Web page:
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Keep Queens secure

The Obama administration’s decision to slash $90 million from federal funds to fight terrorism in New York City boggles the mind. Has Washington forgotten that the city is the No. 1 terror target in the country and probably the world as the ultimate symbol of capitalism and secular life in the West?

The cutbacks pose a serious threat to Queens, which has been terror central in recent years as the geographical homeland for some high-profile cases.

Four young Muslims from Queens, including two women, have been charged with terrorist activity in the last year alone and are awaiting trial. In 2013 a Pakistani man living in Elmhurst was accused of raising money to support the Taliban and al-Qaeda groups fighting U.S. troops in Afghanistan.

The borough also produced three graduates of Flushing High School who were found guilty of plotting to blow up the subway system in 2010 as recruits of al-Qaeda.

That same year two Guyanese men were convicted of conspiring to blow up Kennedy Airport and destroy the American economy.

However disturbing the list may be, it is also a powerful reminder that the suspected plots were dismantled before any violence occurred. The vigilance of the NYPD, supported by federal anti-terrorism funds, paid off in these cases as the police worked closely with FBI and other federal agencies.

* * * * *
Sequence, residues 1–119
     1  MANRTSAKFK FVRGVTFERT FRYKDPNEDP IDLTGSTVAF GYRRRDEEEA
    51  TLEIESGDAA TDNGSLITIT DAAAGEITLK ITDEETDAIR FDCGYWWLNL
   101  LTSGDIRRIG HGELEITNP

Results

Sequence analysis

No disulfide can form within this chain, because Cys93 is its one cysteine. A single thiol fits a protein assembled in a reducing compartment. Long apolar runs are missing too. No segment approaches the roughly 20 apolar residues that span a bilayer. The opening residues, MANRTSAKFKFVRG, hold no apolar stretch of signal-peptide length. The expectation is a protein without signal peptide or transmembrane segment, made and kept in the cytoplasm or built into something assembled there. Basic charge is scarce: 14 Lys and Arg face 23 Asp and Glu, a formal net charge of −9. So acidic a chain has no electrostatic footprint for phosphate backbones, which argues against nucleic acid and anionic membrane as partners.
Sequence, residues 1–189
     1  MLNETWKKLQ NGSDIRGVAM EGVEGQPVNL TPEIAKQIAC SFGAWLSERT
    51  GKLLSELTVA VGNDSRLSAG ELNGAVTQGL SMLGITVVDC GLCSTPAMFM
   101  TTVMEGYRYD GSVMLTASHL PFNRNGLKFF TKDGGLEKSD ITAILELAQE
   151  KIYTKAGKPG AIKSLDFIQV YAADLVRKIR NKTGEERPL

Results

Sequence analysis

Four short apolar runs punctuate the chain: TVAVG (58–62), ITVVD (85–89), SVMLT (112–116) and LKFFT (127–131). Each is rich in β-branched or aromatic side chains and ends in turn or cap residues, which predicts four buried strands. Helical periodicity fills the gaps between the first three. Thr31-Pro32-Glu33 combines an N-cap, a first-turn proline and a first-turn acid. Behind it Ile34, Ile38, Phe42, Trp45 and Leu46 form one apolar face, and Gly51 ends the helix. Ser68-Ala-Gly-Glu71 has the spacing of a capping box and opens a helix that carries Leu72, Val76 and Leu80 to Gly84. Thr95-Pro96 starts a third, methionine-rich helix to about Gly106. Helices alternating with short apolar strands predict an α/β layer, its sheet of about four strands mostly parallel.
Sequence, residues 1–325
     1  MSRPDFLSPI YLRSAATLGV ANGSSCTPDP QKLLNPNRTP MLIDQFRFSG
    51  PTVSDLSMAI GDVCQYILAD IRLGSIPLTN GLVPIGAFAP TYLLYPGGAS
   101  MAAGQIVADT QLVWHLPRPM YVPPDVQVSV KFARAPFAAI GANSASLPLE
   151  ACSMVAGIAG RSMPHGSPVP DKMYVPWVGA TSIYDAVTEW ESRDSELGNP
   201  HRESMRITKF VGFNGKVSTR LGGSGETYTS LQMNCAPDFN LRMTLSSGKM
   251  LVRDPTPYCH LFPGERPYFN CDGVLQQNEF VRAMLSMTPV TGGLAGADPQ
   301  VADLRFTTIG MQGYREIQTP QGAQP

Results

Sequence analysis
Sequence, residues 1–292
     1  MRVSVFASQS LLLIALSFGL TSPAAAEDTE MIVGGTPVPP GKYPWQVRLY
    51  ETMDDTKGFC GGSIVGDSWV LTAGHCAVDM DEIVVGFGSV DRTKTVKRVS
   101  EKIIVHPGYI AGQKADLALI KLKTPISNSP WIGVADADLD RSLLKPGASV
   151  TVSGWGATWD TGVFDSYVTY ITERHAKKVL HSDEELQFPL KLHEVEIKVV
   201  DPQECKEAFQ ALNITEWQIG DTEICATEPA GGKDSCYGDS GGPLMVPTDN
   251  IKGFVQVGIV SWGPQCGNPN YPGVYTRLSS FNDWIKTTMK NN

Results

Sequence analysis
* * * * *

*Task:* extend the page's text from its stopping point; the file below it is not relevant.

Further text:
The memories of the Sept. 11 attack on the World Trade Center remain vivid in Queens, which lost more than 200 firefighters, police and office workers in the collapse of the Twin Towers. The street renamings for those who perished continue as the first responders who worked on the pile at Ground Zero are added to the list.

After Washington proposed cutting the city’s share of funding for its counter-terrorism efforts, U.S. Sen. Chuck Schumer in a rare rebuke of the administration called the plan “ill-advised” and “ill-timed.”

Police Commissioner Ray Kelly said he thought the budget ax was aimed at Schumer because he was one of only four senators who did not vote in favor of the Iranian nuclear deal. He warned that the rollback could make the city more vulnerable to attacks.

If true, the city’s security is not the appropriate place for political payback.

New York is on the radar of our most dangerous enemies. It is also a place where home-grown terrorists have tried to establish a foothold in Queens.

Washington should reverse the planned funding cuts and give the city the protection that we need from outside the country as well as from within our own borough.

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